Americans take the day the Second Continental Congress approved the Committee of Five’s suitably revised “Declaration of Independence” as the marker for the national day of celebration, “Independence Day.”

A lot has happened in the more than two centuries since the secession of the 13 colonies from their overseas overlords. Much good, but far too much evil. And even the complexion at the inception was less admirable than we usually admit.

A friend of mine on Facebook jested, saying

Today is the day we celebrate a bunch of radical libertarians who decided to build their own damn roads.

I responded: “I wish that were true.”

But the The Matter of America is a sadder, less wholesome tale. The men dubbed the “Founding Fathers” by Warren Gamaliel Harding were ambitious men forever sidelined by the British Empire. They sought room for advancement. They sought power, in government. That surely was their shared reason for the great secession that they called a “revolution.” But they had excuses, too: freedom. Like many people on the outs, they demanded freedom. But, like many people who demand freedom, when they got “in” they practiced the accumulation of power.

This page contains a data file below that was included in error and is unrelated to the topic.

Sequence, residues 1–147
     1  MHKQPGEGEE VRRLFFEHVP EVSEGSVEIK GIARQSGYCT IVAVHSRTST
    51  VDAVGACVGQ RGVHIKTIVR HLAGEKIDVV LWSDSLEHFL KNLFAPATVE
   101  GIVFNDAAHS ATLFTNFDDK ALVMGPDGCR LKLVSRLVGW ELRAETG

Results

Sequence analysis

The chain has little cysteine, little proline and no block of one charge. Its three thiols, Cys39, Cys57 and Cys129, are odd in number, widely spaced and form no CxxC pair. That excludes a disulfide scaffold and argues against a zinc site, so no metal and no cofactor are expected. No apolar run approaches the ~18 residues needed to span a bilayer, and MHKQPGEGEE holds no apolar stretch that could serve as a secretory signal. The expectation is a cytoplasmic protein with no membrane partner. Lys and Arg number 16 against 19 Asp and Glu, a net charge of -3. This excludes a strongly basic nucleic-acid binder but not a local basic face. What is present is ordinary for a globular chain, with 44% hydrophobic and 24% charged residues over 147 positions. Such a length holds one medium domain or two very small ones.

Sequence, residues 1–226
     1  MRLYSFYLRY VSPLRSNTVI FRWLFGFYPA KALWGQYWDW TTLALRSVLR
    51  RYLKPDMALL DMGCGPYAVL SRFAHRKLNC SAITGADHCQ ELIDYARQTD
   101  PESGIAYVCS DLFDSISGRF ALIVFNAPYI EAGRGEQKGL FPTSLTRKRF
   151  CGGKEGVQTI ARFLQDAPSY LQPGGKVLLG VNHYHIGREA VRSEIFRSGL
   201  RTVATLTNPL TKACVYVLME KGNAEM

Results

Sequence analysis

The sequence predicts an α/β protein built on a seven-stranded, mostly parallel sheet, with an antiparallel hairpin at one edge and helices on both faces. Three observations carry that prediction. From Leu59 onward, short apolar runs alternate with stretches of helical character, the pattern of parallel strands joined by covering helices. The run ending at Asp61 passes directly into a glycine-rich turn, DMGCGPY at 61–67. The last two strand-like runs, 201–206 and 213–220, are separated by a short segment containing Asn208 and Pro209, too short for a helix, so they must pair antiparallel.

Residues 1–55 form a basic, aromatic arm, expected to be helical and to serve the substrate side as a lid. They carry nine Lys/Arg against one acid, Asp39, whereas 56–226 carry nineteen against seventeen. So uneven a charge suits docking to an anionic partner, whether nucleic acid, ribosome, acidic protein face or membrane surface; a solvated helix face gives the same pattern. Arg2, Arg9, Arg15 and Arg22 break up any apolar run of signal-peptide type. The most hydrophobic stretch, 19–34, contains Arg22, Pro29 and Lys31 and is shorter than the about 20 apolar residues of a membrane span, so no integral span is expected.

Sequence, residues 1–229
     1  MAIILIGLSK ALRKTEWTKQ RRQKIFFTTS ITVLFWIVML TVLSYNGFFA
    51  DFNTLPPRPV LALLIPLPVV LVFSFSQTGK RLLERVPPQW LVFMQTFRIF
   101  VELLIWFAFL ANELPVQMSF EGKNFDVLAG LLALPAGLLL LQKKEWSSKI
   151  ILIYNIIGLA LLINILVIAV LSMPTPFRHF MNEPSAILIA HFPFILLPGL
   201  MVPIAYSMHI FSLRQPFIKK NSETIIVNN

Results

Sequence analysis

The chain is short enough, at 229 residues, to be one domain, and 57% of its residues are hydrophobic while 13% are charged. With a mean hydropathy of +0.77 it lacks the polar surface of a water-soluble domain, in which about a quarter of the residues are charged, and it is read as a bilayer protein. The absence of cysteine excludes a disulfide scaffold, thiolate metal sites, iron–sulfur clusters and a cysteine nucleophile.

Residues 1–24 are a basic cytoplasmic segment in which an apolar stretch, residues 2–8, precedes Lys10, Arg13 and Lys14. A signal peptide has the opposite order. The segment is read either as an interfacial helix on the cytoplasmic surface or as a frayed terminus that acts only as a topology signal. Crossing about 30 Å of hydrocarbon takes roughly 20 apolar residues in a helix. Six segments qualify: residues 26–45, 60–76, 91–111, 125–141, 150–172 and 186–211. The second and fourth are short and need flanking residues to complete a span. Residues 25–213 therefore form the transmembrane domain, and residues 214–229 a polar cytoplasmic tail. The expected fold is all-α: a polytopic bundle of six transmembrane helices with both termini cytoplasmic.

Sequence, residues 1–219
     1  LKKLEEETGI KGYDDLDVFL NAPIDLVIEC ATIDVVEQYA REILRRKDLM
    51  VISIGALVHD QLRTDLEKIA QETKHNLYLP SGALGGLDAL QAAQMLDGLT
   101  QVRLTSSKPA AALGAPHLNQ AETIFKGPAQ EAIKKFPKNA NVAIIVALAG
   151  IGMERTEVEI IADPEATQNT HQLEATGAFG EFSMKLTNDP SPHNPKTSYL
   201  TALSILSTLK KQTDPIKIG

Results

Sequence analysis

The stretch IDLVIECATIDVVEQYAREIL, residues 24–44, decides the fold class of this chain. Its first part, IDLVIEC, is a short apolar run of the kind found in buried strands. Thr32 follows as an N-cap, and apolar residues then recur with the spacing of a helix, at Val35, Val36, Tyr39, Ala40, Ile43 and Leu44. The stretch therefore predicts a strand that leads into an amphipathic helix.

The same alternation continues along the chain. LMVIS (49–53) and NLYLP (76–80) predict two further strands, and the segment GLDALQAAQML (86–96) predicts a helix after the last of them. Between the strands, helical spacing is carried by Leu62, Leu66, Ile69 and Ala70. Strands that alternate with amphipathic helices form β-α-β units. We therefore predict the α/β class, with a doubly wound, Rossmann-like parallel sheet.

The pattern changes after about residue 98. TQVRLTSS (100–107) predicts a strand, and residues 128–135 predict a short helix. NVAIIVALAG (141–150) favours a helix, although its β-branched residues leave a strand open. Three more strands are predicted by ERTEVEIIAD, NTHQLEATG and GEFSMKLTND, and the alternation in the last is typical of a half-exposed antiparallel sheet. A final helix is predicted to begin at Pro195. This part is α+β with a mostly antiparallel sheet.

This trend, which I noticed in my elders of the Baby Boom generation — hippy types demanding freedom, man, but when in office were most concerned about the size and composition of your shop signage, and billboards, and “other eyesores” — is almost universal. It’s why the dirigiste “progressives” have become just another interest group for gentrification, as can be seen in Blue State low/no-growth rates.

The crimes of the United States Government are manifold. Celebrating “Independence Day” is best observed by eating a hotdog garnished with wood chips: we should feel a need to gag, spit, cough up the whole menu.

I have long treated Independence Day as a personal day, where I remind myself of my ideological independence from the mass of Americans, who still (with some winces and coughing) can talk with pious reverence about “the land of the free.”

We are only partially free. We are everywhere enchained. The government we are stuck with is careening to the edge of insolvency, threatening to take the whole world order down with it. The welfare state is a joke, and the military overreach destabilizes not merely the world but also Americans’ own security. And the police, allegedly the most useful segment of government, seem bent on adopting police-state prerogatives — with too many “police professionals” routinely ignoring, flouting, every element of the Bill of Rights.

Flow my tears.